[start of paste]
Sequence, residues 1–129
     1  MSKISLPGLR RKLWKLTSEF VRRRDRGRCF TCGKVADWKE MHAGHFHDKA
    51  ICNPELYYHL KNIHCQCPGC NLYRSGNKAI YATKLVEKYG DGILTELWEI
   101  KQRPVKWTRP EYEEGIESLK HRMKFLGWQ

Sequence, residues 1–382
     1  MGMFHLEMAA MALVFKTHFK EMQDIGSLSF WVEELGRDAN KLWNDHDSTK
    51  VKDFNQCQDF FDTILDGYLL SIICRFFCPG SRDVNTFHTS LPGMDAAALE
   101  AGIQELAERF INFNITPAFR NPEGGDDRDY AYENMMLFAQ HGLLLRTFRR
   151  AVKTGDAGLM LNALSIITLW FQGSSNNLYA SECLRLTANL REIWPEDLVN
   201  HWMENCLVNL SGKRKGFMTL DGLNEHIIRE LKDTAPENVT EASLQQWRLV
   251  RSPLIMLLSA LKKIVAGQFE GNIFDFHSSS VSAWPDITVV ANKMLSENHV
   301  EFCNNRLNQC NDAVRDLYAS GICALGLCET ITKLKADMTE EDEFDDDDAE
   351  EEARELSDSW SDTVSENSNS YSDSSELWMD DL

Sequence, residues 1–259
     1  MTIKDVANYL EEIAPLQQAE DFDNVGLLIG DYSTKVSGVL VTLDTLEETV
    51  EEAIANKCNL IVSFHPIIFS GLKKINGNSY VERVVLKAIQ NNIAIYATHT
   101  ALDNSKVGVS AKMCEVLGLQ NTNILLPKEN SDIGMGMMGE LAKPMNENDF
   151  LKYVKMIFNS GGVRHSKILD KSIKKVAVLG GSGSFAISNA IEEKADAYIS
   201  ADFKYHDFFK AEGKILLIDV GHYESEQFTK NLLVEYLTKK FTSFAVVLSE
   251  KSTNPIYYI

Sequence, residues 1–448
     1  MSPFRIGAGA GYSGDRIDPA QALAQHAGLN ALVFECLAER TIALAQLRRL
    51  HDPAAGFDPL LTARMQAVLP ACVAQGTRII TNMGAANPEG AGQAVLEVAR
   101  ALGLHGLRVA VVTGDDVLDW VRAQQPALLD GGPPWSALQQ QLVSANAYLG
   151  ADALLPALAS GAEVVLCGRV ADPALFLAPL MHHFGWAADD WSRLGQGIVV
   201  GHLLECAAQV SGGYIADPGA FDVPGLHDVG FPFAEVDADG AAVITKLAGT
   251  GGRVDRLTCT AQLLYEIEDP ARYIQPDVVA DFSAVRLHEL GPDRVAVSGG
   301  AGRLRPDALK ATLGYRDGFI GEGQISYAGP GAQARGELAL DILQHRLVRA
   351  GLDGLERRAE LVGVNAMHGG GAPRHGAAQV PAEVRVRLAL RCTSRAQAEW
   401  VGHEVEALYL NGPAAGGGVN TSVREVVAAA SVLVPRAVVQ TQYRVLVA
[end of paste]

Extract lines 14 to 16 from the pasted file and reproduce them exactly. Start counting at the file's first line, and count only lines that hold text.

Sequence, residues 1–259
     1  MTIKDVANYL EEIAPLQQAE DFDNVGLLIG DYSTKVSGVL VTLDTLEETV
    51  EEAIANKCNL IVSFHPIIFS GLKKINGNSY VERVVLKAIQ NNIAIYATHT